Categories: Schenectady County
If people with mental illnesses are going to lead productive and successful lives, they need three things: housing, medication and employment, according to the executive director of the National Alliance on Mental Illness-New York State.
Gov. Eliot Spitzer’s proposed 2008-09 budget touches upon all three of these areas.
It increases housing for people with mental illnesses and makes a small investment in vocational training for the mentally ill, two moves that are strongly supported by mental health advocates. But the budget also looks to save money — about $18 million — by restricting the antidepressants doctors can prescribe to mentally ill patients, a proposal mental health advocates oppose.
Overall, the budget recommends $3.7 billion for the state Office of Mental Health, a $1.4 billion increase over 2007-08.
“We’re very positive about the budget, especially given the financial climate of the state,” said Glenn Liebman, CEO of the Mental Health Association of New York State. “What’s impressive about the budget, given the financial issues that have occurred this year, is that the governor has clearly identified social services, especially mental health, as a priority.”
A place to call home
The budget calls for 1,500 new units of supported housing — permanent housing with support services for the mentally ill — and 500 new efficiency apartments for people with mental illnesses who want more independence. It also includes capital funding to purchase adult homes for conversion into Office of Mental Health housing.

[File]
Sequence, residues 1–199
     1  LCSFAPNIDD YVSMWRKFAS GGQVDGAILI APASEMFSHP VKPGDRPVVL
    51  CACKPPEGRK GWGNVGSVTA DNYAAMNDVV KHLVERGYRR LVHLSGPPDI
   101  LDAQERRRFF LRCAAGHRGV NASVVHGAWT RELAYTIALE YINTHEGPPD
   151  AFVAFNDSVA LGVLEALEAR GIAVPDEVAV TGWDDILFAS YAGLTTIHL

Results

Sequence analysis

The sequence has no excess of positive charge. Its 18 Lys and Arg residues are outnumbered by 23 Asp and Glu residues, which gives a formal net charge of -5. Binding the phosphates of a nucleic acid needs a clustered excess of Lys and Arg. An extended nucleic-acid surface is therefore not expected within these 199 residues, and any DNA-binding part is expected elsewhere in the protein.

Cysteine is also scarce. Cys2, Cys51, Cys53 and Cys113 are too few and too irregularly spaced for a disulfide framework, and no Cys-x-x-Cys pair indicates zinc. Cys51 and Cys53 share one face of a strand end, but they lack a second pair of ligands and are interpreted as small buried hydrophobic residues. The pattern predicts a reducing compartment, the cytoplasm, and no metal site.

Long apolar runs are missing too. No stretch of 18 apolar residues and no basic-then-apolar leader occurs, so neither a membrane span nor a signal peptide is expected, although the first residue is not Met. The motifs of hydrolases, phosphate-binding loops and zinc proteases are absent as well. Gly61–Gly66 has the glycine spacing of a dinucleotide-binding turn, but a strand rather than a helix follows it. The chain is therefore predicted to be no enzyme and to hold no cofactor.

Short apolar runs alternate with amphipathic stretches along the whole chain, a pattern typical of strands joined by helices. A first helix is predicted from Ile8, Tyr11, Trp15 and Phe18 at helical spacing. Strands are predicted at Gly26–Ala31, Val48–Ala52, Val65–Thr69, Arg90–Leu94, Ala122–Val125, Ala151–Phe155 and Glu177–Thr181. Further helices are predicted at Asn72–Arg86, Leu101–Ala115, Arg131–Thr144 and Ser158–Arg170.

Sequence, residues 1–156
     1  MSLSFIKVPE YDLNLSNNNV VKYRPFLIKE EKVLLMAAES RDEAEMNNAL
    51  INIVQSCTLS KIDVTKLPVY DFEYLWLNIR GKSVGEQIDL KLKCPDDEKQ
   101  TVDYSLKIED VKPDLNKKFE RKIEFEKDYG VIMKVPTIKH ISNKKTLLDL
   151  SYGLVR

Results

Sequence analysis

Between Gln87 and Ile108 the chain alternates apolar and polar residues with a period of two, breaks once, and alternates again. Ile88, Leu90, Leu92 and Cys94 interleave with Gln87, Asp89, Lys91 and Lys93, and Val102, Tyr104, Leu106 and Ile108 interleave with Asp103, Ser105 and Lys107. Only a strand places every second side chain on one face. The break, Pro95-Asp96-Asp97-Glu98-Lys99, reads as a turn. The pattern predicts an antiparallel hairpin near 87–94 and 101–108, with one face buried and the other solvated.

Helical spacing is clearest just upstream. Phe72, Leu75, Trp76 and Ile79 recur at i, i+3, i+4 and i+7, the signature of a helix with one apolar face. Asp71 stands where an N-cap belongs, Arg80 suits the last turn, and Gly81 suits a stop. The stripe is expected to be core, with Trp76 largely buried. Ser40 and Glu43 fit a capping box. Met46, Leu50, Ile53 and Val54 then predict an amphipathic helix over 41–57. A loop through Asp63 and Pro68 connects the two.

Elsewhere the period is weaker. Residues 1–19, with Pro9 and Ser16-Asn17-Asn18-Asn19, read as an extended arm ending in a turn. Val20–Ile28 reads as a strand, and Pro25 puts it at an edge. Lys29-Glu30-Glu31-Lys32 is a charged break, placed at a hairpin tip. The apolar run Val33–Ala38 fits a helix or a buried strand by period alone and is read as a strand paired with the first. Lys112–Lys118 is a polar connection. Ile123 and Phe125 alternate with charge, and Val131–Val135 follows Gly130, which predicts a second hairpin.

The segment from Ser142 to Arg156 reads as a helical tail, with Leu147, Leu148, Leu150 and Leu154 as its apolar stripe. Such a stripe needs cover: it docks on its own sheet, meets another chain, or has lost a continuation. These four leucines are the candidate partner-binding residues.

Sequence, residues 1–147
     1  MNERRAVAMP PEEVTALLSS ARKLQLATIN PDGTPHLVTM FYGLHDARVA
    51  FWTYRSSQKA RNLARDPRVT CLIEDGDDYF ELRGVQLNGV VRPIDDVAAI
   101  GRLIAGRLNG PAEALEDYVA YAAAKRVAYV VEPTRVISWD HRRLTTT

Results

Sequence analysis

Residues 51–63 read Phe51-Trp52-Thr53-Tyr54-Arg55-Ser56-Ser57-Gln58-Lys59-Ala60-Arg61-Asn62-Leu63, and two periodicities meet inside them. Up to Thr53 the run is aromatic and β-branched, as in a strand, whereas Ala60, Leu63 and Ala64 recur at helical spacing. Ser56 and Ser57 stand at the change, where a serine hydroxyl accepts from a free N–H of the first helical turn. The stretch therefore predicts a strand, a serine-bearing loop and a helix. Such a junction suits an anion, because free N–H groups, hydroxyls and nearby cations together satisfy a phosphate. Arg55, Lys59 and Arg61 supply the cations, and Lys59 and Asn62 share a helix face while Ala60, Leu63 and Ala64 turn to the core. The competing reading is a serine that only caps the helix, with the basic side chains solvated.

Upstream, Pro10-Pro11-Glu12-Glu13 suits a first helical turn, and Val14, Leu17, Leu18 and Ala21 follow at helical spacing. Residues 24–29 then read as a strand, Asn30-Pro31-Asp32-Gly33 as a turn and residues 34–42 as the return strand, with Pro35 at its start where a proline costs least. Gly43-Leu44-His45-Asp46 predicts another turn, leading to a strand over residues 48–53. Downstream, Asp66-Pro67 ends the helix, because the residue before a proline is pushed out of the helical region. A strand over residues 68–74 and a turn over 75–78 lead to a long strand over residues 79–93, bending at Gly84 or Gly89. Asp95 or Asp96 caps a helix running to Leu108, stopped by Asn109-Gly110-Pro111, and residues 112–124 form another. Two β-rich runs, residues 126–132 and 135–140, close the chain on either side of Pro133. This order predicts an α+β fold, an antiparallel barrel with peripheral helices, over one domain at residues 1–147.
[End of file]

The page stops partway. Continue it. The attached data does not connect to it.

In addition, Spitzer has proposed a new $400 million Housing Opportunity Fund that would fund new affordable and supportive housing; some of this housing — the state has yet to determine how much — will be for people with mental illnesses.
“The governor has done a lot to advocate for mental health housing,” said Jill Daniels, a spokeswoman for the state Office of Mental Health. “Right now, there’s just a need for affordable housing.”
This year’s budget included 2,000 new housing units of housing for the mentally ill.
Advocates for people with mental illnesses praised the housing piece of Spitzer’s budget. Right now, they said, many people with serious mental illnesses such as bipolar disorder and schizophrenia are hospitalized, homeless, in jail or living with aging parents.
“If a person has no place to live, then their recovery has no chance of happening,” said Trix Niernberger, executive director of the National Alliance on Mental Illness-New York State.
She said the new housing proposed by Spitzer would only make a dent in the need — an estimated 40,000 mentally ill New Yorkers lack decent housing.
“There’s such a huge need that we’re very pleased [with the proposal],” she said. “But it’s not going to begin to meet the need of 40,000 people.”
She added that the number of housing units funded by the Office of Mental Health amounts to about 6.2 percent of the 600,000 New Yorkers with serious mental illnesses.
“There’s not enough housing for people with mental illnesses,” Liebman said.
NAMI-NYS also supports the creation of a mental health waiting list bill that would require the state Office of Mental Health to keep local waiting lists of people with mental illnesses who are eligible for housing with services but have not received housing with services. The group believes that this would enable the state to better determine the need for housing for the mentally ill. Niernberger said that the state Office of Mental Retardation and Developmental Disabilities maintains a waiting list for housing and that that list has worked well.